One final song in honor of the founder of a Portland nonprofit who was killed on a cross-country bike ride
A candlelight vigil to honor the life of a Portland man who used his love of music to start a non-profit organization helping at-risk youth find their way around the world is scheduled for Saturday night at Laurelhurst Park
Ian Mouser, 42 and founder of My Voice Music, died Oct. 14 after being hit by a van in Arizona. Mouser, who left behind a wife and 6-year-old son, was on a cross-country bike ride to raise funds for his organization. He departed San Diego on October 11 and planned to cover 3,000 miles in 12 days, ending in St. Augustine, Florida. He died early in the morning on US 70 in Safford, about 130 miles from Tucson. The investigation is continuing, but it is “unlikely that criminal charges will be laid,” police said.
Those who knew, worked with and loved the man planned a 6 p.m. Saturday bike ride from My Voice Music at 3520 SE Yamhill St. in Laurelhurst Park. Everyone gathered will sing “Let It Be”, the song that Mouser traditionally played at the end of performances and workshops.
“This song was his take on how to navigate life,” said Trent Finlay, communications director for My Voice Music. “Sometimes things happen, and we have to let it go and be together in a community. That’s it on Saturday.
Finlay said Mouser discovered the power of music while working as a counselor at a Portland-area residential treatment center with young people with mental health issues. One day, Mouser brought his guitar to the center and discovered that music helps young people to be more open about their lives.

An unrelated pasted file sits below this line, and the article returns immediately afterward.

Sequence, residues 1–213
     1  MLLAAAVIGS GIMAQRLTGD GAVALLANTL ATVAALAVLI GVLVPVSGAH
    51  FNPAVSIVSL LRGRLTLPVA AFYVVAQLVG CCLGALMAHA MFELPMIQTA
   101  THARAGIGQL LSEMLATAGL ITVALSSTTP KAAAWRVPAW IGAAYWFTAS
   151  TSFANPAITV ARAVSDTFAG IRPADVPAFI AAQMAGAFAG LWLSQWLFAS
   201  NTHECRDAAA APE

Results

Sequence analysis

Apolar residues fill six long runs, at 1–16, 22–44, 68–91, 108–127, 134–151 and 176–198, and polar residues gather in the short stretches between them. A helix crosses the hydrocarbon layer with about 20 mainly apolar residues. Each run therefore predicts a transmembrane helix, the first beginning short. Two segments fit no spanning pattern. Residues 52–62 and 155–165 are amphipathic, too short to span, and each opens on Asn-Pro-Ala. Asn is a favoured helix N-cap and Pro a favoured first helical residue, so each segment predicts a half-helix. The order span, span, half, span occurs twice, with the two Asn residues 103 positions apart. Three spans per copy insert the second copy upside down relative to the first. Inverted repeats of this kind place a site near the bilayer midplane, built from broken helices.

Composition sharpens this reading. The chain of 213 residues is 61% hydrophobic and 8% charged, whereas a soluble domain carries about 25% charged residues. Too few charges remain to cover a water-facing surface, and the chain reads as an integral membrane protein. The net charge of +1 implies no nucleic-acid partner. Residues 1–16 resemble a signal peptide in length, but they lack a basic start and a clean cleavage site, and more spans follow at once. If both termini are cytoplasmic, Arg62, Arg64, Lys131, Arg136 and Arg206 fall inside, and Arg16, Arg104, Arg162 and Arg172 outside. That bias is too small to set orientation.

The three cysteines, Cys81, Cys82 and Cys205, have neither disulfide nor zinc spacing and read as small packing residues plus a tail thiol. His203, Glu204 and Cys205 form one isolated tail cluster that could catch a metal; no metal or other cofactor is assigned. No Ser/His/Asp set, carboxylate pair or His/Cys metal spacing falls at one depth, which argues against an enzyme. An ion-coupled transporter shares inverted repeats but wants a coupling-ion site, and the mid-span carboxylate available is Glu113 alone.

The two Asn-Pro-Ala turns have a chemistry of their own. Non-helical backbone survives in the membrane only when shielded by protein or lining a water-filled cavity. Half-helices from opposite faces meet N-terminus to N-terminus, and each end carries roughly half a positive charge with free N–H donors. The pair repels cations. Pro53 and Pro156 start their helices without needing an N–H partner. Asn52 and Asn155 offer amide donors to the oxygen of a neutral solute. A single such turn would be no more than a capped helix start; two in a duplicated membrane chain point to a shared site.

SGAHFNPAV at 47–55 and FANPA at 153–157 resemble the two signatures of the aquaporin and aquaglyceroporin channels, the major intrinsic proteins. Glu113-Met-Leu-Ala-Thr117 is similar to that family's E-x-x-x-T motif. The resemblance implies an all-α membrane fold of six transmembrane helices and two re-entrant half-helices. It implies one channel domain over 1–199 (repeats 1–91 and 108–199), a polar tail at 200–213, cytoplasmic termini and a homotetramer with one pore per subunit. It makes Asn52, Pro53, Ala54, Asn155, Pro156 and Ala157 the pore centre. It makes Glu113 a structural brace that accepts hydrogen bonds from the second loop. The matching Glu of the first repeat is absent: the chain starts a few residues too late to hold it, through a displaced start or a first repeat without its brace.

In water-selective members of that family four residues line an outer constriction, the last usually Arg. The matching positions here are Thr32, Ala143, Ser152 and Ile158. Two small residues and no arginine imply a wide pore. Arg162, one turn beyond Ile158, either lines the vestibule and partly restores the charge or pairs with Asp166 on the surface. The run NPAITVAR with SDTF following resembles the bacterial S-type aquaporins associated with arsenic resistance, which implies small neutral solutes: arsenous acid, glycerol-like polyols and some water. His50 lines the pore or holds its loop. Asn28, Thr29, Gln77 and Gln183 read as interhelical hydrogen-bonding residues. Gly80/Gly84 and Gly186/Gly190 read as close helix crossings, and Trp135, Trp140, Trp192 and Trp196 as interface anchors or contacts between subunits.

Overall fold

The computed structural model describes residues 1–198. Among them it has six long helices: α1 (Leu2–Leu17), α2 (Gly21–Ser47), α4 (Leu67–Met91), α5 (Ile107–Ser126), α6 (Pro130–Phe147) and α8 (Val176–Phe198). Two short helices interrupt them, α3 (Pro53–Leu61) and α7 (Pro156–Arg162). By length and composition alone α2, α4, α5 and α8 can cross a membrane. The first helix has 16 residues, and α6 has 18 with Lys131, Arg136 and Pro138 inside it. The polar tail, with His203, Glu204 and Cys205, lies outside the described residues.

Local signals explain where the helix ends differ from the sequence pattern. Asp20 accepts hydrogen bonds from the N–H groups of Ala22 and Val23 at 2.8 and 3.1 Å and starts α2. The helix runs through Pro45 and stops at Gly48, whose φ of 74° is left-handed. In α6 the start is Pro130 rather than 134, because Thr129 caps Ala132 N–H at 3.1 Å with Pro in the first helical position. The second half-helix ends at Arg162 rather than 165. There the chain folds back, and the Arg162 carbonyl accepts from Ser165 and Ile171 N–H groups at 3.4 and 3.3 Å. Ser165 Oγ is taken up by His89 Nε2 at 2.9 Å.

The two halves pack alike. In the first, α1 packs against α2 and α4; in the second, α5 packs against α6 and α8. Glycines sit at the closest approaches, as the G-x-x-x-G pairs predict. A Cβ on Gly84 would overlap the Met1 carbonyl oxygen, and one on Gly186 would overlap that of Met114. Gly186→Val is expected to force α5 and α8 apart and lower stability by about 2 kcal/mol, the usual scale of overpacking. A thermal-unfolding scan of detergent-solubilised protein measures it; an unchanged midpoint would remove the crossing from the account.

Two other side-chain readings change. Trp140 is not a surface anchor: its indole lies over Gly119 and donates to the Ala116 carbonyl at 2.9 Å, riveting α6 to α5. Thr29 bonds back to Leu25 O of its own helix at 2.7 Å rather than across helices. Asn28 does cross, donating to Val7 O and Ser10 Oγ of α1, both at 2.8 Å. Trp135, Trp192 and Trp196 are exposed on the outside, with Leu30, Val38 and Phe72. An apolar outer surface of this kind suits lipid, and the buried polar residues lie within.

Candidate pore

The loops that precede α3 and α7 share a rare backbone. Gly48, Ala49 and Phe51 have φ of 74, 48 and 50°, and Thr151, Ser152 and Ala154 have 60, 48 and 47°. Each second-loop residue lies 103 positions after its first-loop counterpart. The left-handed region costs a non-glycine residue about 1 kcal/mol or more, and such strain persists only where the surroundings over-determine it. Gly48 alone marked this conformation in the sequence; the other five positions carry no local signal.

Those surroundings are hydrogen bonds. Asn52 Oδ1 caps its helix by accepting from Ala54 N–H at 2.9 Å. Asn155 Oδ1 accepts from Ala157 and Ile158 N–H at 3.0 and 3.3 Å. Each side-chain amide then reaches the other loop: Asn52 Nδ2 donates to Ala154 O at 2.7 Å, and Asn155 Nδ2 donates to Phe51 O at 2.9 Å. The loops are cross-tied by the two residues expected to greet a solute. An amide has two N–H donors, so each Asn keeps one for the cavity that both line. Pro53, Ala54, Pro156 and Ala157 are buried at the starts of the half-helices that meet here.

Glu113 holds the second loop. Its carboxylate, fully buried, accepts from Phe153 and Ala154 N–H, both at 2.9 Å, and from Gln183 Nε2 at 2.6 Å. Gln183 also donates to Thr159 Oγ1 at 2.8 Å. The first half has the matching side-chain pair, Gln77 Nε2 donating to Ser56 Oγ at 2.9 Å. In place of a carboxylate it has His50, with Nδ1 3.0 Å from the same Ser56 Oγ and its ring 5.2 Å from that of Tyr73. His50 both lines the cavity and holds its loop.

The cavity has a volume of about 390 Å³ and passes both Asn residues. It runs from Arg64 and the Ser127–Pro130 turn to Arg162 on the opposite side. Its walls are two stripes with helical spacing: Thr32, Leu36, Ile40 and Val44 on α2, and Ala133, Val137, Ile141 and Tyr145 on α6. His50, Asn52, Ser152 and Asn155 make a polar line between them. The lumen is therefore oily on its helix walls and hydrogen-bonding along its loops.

“Learning to write songs has changed the way they see the world and each other,” Finlay said. “Music became part of the program he was running there, and then he ended up starting his own non-profit organization in 2008.”
Amber Singleton, now 26, met Mouser when she was 15 and in the residential treatment center.
“I was a child,” she says. “He brought us all together and taught us the instruments. He was a supportive adult at a time when I didn’t have that in my life. He was a role model. It helped to know that a good person was in the world. It gave us all a sense of hope.
Singleton plans to be at the vigil on Saturday.
“I want to cry with the community that knew him,” she said. “I want one last song to say goodbye to him.”
Finlay said the organization Mouser founded works with 1,400 young people a year at residential treatment centers, juvenile facilities and alternative schools in the Portland area.
“It’s a music program, but not a music program,” Finlay said. “It’s a therapy program, but not a therapy program. Basically, it’s a relationship program focused on the little things people can do to connect and create something together.
Since it started, he said, the program has worked with 14,000 young people. The organization has been recognized by the National Endowment for the Arts, the Oregon Arts Commission, the Oregon Cultural Trust, the Regional Arts and Culture Council, and the Oregon Afterschool Coalition.
In 2020, Mouser received the Lewis Prize, a $ 500,000 prize awarded to three organizations across the United States that serve low-income and historically marginalized communities.
While still accepting Mouser’s death, Finlay said the staff and board are “committed to pursuing” Mouser’s vision of how music can be used to heal. Supporters can make donations to Mouser’s family, as well as donations to support My Voice Music at myvoicemusic.org.
– Tom Hallman Jr; [email protected]; 503-221-8224; @thallmanjr